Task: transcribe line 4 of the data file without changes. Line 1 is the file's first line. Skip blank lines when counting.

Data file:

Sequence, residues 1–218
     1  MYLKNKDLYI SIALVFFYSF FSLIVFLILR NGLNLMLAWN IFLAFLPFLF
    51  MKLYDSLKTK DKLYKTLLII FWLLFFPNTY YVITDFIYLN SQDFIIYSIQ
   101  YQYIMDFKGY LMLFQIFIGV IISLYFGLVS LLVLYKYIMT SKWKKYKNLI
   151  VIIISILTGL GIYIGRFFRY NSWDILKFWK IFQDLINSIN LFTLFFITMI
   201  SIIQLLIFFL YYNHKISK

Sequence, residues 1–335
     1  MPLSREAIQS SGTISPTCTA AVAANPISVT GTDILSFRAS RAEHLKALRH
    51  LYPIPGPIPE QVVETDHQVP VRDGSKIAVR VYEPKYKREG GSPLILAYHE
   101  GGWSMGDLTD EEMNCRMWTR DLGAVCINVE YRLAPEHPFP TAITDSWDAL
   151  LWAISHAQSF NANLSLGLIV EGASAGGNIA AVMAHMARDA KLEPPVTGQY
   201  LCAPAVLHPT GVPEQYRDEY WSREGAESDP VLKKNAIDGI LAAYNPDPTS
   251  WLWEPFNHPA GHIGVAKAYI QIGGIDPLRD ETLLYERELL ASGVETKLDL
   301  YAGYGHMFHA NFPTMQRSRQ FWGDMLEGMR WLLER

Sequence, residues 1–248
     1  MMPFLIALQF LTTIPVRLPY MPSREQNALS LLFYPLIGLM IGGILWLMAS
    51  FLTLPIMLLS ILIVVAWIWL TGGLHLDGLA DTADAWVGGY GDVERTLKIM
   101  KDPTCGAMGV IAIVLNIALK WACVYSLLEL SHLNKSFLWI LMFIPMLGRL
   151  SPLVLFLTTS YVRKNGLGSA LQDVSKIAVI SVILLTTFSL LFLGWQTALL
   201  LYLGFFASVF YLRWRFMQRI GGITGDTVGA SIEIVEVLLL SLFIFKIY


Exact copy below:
   101  YQYIMDFKGY LMLFQIFIGV IISLYFGLVS LLVLYKYIMT SKWKKYKNLI